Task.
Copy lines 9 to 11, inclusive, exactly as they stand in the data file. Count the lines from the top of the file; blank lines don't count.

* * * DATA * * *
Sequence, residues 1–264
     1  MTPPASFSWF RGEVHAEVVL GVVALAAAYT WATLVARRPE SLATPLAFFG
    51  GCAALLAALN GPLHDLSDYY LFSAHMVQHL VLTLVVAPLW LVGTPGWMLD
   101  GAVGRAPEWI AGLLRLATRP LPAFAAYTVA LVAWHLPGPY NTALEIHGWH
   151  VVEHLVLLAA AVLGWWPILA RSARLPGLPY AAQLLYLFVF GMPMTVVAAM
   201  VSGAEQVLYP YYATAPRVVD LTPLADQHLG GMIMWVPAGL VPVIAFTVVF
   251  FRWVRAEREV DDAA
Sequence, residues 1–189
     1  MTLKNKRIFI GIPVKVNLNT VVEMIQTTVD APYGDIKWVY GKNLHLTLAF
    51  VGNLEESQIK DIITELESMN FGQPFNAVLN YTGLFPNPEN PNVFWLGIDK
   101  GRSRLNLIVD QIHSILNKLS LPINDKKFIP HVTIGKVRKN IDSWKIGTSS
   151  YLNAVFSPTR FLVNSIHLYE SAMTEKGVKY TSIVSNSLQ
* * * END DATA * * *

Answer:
     1  MTLKNKRIFI GIPVKVNLNT VVEMIQTTVD APYGDIKWVY GKNLHLTLAF
    51  VGNLEESQIK DIITELESMN FGQPFNAVLN YTGLFPNPEN PNVFWLGIDK
   101  GRSRLNLIVD QIHSILNKLS LPINDKKFIP HVTIGKVRKN IDSWKIGTSS